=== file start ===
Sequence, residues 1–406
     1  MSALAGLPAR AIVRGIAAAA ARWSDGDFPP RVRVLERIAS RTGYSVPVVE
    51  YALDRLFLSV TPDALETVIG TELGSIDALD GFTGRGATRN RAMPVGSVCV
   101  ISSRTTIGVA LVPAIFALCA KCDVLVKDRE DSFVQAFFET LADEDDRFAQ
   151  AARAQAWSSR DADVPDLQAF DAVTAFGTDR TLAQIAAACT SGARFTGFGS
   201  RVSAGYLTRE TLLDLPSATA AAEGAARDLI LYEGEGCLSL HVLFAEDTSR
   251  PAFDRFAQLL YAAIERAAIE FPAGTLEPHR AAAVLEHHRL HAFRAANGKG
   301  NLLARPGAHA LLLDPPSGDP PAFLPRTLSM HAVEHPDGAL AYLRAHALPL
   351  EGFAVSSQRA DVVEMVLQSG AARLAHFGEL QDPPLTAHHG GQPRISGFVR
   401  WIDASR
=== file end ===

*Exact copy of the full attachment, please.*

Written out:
Sequence, residues 1–406
     1  MSALAGLPAR AIVRGIAAAA ARWSDGDFPP RVRVLERIAS RTGYSVPVVE
    51  YALDRLFLSV TPDALETVIG TELGSIDALD GFTGRGATRN RAMPVGSVCV
   101  ISSRTTIGVA LVPAIFALCA KCDVLVKDRE DSFVQAFFET LADEDDRFAQ
   151  AARAQAWSSR DADVPDLQAF DAVTAFGTDR TLAQIAAACT SGARFTGFGS
   201  RVSAGYLTRE TLLDLPSATA AAEGAARDLI LYEGEGCLSL HVLFAEDTSR
   251  PAFDRFAQLL YAAIERAAIE FPAGTLEPHR AAAVLEHHRL HAFRAANGKG
   301  NLLARPGAHA LLLDPPSGDP PAFLPRTLSM HAVEHPDGAL AYLRAHALPL
   351  EGFAVSSQRA DVVEMVLQSG AARLAHFGEL QDPPLTAHHG GQPRISGFVR
   401  WIDASR